Binge Bytes: ‘Radiolab’


Ashlyn Cary

“Cereal is no longer an unhealthy bowl of sugar and milk, but a delicious reward that I have earned by being alive.” (Design by Ashlyn Cary | Daily Utah Chronicle)

By Ray H., Arts Writer

Have you ever wanted to learn about something interesting or random in an easy-to-digest format during your limited free time? I’ve found this solution through a podcast called “Radiolab.” The podcast covers a range of topics from Typhoid Mary to the strongest punch in the world, coming from a shrimp. If you’ve ever searched for podcasts to just fill the time with a bit of science or some science-fiction, then this podcast probably has popped up in your feed. “Radiolab” is on the top of many recommendation lists.

“Radiolab” is a podcast hosted by Jad Abumrad and Robert Krulwich from WNYC Studios. This radio show explores the strange and obscure of our world, and almost nothing is considered off-limits. Long drives or long shifts at work feel less stressful, less like you’re on autopilot and far more productive or enlightening. By the end, you might think “I actually learned something” or “I’d like to explore more about this obscure topic.” These are the goals the podcast seeks — to teach their audience about something new through learning about it together.


To Binge or Not to Binge?

This podcast is a highly recommended binge if you want to feed your mind. “Radiolab” provides continuous changes in topic from episode to episode — except for topics that end up running too long and need a part two or require an update. You don’t need to worry about starting from episode one in order to know what’s going on. Just choose any episode that might sound interesting, since even a title may not explain all that you might learn. Randomizing a podcast like this leaves its listeners with a feeling of curiosity or suspense to find out what topic they might dive into next. I’ve listened for over a year now.

With the use of music, sound effects and charismatic speakers, “Radiolab” captures an almost perfect harmony to engage listeners. While techniques of engaging sound design are common in podcast storytelling, this program has found one of the best combinations, with its unique musical transitions, excellent timing and the editing of prerecorded interviews with the show’s hosts. The show has been awarded two Peabody Awards and the National Academies Communication Award for its unique way of investigating via the radio and making complex scientific topics more accessible to a wider scope of listeners.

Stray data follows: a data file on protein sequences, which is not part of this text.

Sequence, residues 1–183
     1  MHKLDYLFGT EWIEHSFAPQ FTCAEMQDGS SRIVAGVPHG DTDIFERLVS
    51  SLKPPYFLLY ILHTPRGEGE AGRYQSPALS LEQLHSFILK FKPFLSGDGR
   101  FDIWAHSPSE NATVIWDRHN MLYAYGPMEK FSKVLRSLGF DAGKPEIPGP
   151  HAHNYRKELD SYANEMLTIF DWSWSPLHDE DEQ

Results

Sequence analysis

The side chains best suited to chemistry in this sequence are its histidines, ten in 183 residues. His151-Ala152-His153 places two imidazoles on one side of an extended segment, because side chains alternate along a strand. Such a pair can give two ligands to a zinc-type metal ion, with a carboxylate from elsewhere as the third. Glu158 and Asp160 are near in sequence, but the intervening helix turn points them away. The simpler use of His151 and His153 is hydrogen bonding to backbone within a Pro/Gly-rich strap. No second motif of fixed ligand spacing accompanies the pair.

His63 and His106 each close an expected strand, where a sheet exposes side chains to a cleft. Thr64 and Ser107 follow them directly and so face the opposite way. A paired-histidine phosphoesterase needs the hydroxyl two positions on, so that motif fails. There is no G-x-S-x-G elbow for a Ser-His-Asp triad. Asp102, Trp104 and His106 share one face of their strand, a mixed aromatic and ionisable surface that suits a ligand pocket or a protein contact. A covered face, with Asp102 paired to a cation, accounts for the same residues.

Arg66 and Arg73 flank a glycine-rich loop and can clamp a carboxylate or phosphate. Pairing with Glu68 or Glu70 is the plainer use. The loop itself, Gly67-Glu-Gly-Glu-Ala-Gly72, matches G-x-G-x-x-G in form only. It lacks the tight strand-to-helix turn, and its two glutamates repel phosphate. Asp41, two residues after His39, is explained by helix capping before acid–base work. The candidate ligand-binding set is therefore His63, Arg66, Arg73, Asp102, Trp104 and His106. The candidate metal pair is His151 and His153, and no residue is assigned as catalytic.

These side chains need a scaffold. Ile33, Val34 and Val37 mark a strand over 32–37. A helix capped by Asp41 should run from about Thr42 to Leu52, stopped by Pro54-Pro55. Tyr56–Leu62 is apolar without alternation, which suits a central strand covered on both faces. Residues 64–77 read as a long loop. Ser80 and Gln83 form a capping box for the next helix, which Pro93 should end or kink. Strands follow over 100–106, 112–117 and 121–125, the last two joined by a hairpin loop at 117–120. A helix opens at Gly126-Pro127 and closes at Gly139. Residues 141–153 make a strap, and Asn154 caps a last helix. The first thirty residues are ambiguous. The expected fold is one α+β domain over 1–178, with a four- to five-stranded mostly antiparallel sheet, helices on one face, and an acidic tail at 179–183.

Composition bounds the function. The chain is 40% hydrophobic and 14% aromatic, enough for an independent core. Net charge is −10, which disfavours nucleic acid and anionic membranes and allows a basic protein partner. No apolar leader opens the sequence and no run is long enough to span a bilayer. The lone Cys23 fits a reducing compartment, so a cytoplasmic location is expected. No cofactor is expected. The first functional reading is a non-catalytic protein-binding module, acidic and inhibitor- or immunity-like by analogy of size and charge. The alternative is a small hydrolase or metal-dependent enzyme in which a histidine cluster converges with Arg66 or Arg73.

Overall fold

Abumrad and Krulwich together make a beautiful mesh of narrating, which draws the audience even more into the show. Abumrad brings a younger, curious perspective while Krulwich has an older, more patient tone. Both have smart and engaging personalities, and it’s always intriguing to hear their comments and reactions. “Radiolab” also makes use of various guest speakers in order to provide explanations, evidence and experience for each topic. Ultimately, what makes this show a recommendation isn’t the guest speakers or the hosts, it’s the way the information flows. Listeners are treated as if they are present, exploring the bombs being dropped during World War II or understanding dolphin language. The podcast has also never been afraid to go into controversial topics, such as race or religion. In conjunction with each episode, pictures, film and transcribed audio are provided on the “Radiolab” website as support for each episode.  The show has a lot of material to appeal to a wide range of audiences.


Best Episode

One of their best episodes is “After Life,” which discusses what happens after death. The episode covers several theories throughout history, including one peculiar theory that proposed the soul has weight. Guest speakers describe some ridiculous contraption made by a physician in order to judge the weight of a person before and after death, compared to the weight of books. The process was used to back up the theory that our souls leave our bodies after death, resulting in a tabloid amusingly titled “Soul Has Weight, Physician Thinks.” Overall, the episode covers more than 50 theories discussing the world of death and explores how the theories were divulged.


Similar Shows

“The Infinite Monkey Cage,” “Stuff to Blow Your Mind,” “Stuff You Should Know,” “Star Talk Radio” and “The Dork Forest”


Trigger Warnings

Most of the podcast’s content is PG, though some episodes that cover topics such as war or medical procedures may be more explicit. Make sure to look at the titles and read the descriptions if there is any concern. Additionally, the hosts will usually give content warnings.



5/5 stars

Available on some local stations, iTunes, Stitcher, YouTube, NPR or WYNC’s website. In addition “Radiolab” also regularly goes on live tours.

Hundreds of episodes continuously posted and archived, approximately 40-60 minutes each.


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